One unanticipated result obtained from analysis of mutations in the Kes1p PH domain is our finding that the E312K and W317A mutations abolish PIP binding in the context of full-length Kes1p, but not when the COOH-terminal 120 Kes1p residues are removed. Thus, E312K and W317A do not affect PIP binding directly. Rather, these substitutions likely affect Kes1p conformation in such a way that the PH domain is not accessible to PIPs. Consistent with this model, E312 and W317 do not reside in the predicted PIP binding loops of the Kes1p PH domain, and truncation of the Kes1p COOH terminus does not rescue PIP binding defects associated with mutations in those loops. Because removal of the Kes1p COOH terminus suppresses E312K- and W317A-associated PIP binding defects, we speculate that the Kes1p COOH terminus interferes with PH domain function by occluding the PIP binding site. This proposal suggests that PIP binding by Kes1p is subject to conformational regulation by posttranslational modification, or by interaction of Kes1p with some other binding partner (either protein or lipid). This concept is supported by our demonstration that the E312K and W317A substitutions do not abrogate Kes1p targeting to the Golgi complex in vivo, whereas intrinsic Kes1p defects in PIP binding and defects in PIP synthesis by the Pik1p PI-kinase do.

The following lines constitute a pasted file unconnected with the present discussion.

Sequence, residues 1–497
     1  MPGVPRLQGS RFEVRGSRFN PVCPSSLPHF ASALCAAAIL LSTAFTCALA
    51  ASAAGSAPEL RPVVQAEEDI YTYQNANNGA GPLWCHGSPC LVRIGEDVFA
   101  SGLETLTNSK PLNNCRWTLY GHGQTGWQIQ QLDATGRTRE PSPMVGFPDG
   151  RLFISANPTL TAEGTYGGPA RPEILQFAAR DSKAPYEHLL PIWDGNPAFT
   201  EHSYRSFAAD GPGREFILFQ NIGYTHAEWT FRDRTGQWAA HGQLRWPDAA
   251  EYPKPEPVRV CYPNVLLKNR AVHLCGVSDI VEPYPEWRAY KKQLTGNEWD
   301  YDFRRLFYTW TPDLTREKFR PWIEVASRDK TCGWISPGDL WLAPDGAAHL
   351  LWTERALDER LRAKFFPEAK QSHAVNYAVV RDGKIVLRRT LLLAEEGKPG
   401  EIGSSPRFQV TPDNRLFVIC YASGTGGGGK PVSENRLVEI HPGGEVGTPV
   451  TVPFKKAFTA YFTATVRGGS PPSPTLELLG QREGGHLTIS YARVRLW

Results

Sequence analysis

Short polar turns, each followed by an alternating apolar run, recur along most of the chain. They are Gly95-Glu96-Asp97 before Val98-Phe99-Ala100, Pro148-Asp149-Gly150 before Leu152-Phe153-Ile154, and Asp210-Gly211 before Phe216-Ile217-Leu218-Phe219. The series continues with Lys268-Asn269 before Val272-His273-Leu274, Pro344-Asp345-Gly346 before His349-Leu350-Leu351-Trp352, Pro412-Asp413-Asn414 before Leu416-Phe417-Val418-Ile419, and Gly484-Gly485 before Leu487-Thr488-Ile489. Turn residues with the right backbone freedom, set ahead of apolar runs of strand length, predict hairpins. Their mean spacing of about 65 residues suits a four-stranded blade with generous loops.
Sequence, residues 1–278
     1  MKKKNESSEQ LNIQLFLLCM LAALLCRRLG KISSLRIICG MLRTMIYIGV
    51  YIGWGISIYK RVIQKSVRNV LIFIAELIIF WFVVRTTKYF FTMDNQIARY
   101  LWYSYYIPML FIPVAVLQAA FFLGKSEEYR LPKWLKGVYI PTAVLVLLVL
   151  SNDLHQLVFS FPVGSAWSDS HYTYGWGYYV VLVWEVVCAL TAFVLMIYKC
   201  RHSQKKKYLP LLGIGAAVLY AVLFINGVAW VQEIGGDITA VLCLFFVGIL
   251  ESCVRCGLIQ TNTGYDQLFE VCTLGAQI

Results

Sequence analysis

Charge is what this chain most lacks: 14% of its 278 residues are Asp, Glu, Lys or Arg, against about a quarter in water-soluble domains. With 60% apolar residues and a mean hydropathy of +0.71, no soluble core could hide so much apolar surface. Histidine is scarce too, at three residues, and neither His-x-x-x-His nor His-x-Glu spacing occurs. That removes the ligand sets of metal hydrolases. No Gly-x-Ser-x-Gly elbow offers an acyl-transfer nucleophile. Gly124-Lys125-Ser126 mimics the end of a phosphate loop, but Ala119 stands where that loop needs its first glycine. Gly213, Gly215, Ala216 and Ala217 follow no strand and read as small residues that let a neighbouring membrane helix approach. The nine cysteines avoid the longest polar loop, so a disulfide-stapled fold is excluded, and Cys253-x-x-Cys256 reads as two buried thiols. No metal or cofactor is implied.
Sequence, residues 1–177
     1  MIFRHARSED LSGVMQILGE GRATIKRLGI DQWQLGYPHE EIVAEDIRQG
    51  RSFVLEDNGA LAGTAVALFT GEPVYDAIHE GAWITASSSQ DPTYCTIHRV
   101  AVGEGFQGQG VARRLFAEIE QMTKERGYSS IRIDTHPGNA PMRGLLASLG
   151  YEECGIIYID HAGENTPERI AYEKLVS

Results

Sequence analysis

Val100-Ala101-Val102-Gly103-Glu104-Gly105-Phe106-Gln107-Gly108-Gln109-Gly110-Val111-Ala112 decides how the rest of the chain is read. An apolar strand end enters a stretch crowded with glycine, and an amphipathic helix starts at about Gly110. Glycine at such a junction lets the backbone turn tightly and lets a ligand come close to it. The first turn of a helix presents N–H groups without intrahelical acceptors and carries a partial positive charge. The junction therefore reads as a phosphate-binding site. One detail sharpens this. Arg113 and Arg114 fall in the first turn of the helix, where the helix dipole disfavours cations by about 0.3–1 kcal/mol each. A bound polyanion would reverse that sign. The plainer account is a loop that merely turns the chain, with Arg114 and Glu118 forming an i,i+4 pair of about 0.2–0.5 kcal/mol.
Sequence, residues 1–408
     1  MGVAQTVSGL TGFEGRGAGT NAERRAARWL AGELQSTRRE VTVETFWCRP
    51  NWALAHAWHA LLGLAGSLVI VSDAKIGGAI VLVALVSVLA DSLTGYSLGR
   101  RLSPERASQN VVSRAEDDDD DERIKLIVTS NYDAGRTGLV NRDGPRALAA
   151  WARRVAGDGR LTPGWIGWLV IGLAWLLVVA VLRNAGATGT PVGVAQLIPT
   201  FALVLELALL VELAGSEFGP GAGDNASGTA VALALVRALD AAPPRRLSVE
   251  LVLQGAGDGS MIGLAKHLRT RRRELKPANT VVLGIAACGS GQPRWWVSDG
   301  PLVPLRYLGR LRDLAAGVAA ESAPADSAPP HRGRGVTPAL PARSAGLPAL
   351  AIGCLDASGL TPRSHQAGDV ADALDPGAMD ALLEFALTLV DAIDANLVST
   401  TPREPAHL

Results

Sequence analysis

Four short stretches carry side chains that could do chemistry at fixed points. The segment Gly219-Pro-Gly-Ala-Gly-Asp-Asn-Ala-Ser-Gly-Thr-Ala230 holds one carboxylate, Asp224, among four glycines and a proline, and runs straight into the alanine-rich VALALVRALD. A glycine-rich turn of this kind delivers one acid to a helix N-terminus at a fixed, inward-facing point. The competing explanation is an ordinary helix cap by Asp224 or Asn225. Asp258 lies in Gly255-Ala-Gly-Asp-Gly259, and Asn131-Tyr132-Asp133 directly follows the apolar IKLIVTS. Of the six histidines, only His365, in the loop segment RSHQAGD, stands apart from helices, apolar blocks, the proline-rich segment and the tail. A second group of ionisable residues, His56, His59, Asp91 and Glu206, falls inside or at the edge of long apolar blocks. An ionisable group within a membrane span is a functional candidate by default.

Unlike the case for long OSBPs, PIP binding is insufficient for Kes1p targeting to Golgi membranes. An intact OSBP domain is also required. These data provide the first indication of a function for this signature motif of OSBPs. It remains unclear how the OSBP domain is involved in localization of Kes1p to Golgi membranes. One possibility is that the Kes1p OSBP motif interacts with the Kes1p COOH terminus to expose the PH domain for PIP binding. We do not find compelling evidence in favor of this model. Inactivating mutations in the OSBP domain neither abolish PIP binding by Kes1p, nor do these strongly compromise the affinity of Kes1p binding of PIP monomers in a mixed micelle system. Alternatively, the OSBP domain may increase the avidity of Kes1p for Golgi membranes by binding another Golgi complex–localized ligand. Finally, the OSBP domain may represent an interface for homotypic binding of Kes1p molecules to each other so that the PH domains are configured in a dimeric arrangement where the PIP binding loops of each PH domain unit are exposed on one face of the dimer. This would generate a PIP binding module with a higher affinity for PIP than that exhibited by monomeric Kes1p. However, an increased binding affinity of dimeric Kes1p would not be apparent in the mixed micelle system we have employed to measure Kes1p–PIP interaction.